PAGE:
More than anything Watergate was about the abuse of power. I believe in the rule of law, and the abuse of power is incompatible with that belief. It’s bad enough when a badge-heavy cop violates people’s rights, but is several magnitudes worse when the law-breaking starts at the top.

Until recently my biggest fear with the Obama presidency was incompetence. I feared that more than corruption because we have survived corrupt presidents many times in the past, but most of them were competent crooks.

Recently I have come to fear something else much more than Obama’s corrupt incompetence. No previous administration has been so eager to use the power of the state against political opponents. That’s the definition of authoritarianism.

It really can happen here.


About Myiq2xu - BA, JD, FJB

I was born and raised in a different country - America. I don't know what this place is.
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54 Responses to Worse Than Watergate?

  1. myiq2xu says:

    The Bush administration abused power too, but on a smaller scale. I used to fear them, but in the end he left quietly when his term was over.

    In the past the press went after abuses of power, they didn’t try to cover them up.

    • I’m more worried abut the press than teh won. For so many of them to be ‘entickled’ this long surprises me. Market forces should have straightened it out by now – in my world, If they don’t break soon ‘the farm’ could be history.

      • Fox News’ through-the-roof, utterly dominating ratings are an indication that market forces have been brought to bear. The propaganda that Fox is actually Faux News is so widespread and ingrained (across the influential elite) that we are experiencing a reality warp. Tens of millions of people get their news from Fox, yet the powers that be tell us it’s all lies. Cognitive dissonance is one result, but a more pernicious one is the division of the regular people from the “elites.” They hate us, think we’re stupid, and we know it.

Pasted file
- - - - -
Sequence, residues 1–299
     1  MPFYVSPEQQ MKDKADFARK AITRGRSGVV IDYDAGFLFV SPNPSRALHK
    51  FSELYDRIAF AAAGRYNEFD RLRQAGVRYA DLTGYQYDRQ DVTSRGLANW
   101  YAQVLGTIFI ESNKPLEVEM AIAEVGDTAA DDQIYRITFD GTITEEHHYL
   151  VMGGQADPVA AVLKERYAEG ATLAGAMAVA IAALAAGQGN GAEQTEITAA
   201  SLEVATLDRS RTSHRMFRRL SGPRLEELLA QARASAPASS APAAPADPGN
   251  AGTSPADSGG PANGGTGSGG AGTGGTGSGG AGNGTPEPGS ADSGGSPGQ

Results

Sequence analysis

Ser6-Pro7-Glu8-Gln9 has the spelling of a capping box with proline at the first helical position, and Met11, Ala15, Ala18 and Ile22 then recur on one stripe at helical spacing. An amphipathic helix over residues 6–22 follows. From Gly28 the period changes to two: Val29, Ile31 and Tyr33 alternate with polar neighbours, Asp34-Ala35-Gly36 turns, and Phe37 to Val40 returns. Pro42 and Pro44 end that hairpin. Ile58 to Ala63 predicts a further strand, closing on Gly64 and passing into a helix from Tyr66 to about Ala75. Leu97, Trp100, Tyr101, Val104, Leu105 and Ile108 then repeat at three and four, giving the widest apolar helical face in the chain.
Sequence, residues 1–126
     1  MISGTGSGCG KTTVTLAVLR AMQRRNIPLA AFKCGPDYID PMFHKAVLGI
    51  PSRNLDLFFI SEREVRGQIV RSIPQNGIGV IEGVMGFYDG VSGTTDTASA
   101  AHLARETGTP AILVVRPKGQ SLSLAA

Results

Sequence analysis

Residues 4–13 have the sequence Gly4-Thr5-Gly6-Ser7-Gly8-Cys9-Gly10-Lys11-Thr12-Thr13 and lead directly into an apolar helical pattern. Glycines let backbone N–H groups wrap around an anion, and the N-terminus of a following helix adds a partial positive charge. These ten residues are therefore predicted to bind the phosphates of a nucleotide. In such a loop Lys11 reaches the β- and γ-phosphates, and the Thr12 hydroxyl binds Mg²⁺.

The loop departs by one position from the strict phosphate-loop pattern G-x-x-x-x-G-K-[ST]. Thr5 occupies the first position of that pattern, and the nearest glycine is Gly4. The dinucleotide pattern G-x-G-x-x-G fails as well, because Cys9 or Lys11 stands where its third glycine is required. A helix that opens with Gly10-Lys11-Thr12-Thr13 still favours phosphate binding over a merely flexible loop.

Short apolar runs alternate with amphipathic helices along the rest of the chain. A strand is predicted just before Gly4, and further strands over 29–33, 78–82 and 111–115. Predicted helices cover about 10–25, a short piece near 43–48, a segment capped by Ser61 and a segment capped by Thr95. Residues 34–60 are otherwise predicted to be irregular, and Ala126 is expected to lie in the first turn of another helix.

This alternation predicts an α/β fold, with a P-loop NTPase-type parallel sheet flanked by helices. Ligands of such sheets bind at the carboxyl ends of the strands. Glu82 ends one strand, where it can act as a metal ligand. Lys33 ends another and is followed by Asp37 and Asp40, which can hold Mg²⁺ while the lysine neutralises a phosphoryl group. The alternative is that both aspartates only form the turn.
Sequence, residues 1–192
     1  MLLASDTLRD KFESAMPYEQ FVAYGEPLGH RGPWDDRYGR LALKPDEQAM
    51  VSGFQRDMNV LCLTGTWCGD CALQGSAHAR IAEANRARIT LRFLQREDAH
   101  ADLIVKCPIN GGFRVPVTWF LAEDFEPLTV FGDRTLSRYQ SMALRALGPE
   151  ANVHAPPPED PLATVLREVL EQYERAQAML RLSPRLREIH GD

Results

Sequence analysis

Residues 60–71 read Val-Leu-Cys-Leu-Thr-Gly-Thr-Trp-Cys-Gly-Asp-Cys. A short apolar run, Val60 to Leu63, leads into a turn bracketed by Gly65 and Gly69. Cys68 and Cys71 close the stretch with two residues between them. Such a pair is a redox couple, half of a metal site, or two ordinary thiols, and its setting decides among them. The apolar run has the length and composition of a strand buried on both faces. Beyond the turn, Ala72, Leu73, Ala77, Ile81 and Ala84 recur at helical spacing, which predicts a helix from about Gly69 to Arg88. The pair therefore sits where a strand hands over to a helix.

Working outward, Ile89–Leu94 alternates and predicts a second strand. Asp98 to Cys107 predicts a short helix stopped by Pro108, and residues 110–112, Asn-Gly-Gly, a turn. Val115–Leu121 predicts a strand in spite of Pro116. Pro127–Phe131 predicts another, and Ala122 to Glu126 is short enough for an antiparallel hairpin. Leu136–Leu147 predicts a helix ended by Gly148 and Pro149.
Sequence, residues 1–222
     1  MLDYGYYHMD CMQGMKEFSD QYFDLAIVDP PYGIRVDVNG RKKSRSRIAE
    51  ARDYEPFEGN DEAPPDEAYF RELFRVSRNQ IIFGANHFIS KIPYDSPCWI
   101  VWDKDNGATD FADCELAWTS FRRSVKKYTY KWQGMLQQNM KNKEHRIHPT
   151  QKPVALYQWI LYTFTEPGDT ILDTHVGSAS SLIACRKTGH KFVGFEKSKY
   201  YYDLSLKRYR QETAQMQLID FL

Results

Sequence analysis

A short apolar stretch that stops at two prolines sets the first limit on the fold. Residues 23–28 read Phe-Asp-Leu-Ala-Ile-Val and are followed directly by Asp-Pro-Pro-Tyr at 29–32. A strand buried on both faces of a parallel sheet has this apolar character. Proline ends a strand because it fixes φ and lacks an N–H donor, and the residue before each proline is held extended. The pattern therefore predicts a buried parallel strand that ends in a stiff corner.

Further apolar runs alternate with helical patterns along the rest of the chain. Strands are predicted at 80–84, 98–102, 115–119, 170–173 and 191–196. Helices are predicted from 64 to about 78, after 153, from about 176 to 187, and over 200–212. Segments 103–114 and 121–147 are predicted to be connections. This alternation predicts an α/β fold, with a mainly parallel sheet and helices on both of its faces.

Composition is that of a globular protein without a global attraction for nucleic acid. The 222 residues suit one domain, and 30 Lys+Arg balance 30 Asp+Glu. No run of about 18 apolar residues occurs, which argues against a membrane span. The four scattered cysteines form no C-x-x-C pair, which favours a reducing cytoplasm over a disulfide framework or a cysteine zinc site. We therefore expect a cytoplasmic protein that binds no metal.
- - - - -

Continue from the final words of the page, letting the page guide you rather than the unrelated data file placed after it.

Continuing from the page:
But on the bright side, fox’s dominance tells me that the people crave and will reward a press that is free and willing to challenge the government.


      • Constance says:

        The only reason the slanted media “news” channels like MSNBC are still around is cable bundling. No one would actually pay for these channels, in a free market and they would be long gone.

  2. myiq2xu says:

    One of the things that came out of Watergate was the Church Committee Report. We need a new one.


  3. Lulu says:

    What is becoming increasingly clear is what many of us saw in 2007-2008 firsthand. There will be no dissent. No dissent of any kind will be tolerated. Bush II did it with foreign wars. Obama does it for everything. If he had been more patient and done it more gradually domestically he probably would have gotten away with it. He did get away with it within the Democratic party with the with the “good German” Democrats during his first prezzy campaign and first term. He and his hubris, and the sycophants who support and enable him, went crazy with the greed, abuse, and lying which is all too human. Now he is loosing Democrats who were all for his methods and goals, not all of them and probably not even a majority of them, but rather some very important ones like that old bastard chair of the Senate Finance committee. Max Baucus might want to be remembered as the Frank Church of his generation. He knows where the bodies are buried. When Obama Central starts smearing Baucus we will know it is getting really hot in the WH. He has sent out questionnaires to IRS that look like depositions in a fraud case.